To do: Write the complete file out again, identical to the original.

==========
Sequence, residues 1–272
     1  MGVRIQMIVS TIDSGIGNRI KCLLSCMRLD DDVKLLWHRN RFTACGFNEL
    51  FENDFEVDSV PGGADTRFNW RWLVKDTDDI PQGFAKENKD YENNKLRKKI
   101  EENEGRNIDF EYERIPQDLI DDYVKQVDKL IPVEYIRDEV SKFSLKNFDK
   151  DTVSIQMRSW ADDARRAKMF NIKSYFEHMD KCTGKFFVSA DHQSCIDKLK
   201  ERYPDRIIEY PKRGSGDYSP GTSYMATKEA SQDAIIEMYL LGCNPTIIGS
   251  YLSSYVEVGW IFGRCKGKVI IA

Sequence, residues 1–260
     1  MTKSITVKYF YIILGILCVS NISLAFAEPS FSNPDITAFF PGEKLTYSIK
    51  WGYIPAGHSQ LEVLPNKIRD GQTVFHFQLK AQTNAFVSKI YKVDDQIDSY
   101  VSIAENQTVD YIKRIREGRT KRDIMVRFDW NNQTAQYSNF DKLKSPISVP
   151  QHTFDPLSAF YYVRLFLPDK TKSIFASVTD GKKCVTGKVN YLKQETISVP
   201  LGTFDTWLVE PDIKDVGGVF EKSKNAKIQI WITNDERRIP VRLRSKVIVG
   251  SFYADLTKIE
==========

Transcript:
Sequence, residues 1–272
     1  MGVRIQMIVS TIDSGIGNRI KCLLSCMRLD DDVKLLWHRN RFTACGFNEL
    51  FENDFEVDSV PGGADTRFNW RWLVKDTDDI PQGFAKENKD YENNKLRKKI
   101  EENEGRNIDF EYERIPQDLI DDYVKQVDKL IPVEYIRDEV SKFSLKNFDK
   151  DTVSIQMRSW ADDARRAKMF NIKSYFEHMD KCTGKFFVSA DHQSCIDKLK
   201  ERYPDRIIEY PKRGSGDYSP GTSYMATKEA SQDAIIEMYL LGCNPTIIGS
   251  YLSSYVEVGW IFGRCKGKVI IA

Sequence, residues 1–260
     1  MTKSITVKYF YIILGILCVS NISLAFAEPS FSNPDITAFF PGEKLTYSIK
    51  WGYIPAGHSQ LEVLPNKIRD GQTVFHFQLK AQTNAFVSKI YKVDDQIDSY
   101  VSIAENQTVD YIKRIREGRT KRDIMVRFDW NNQTAQYSNF DKLKSPISVP
   151  QHTFDPLSAF YYVRLFLPDK TKSIFASVTD GKKCVTGKVN YLKQETISVP
   201  LGTFDTWLVE PDIKDVGGVF EKSKNAKIQI WITNDERRIP VRLRSKVIVG
   251  SFYADLTKIE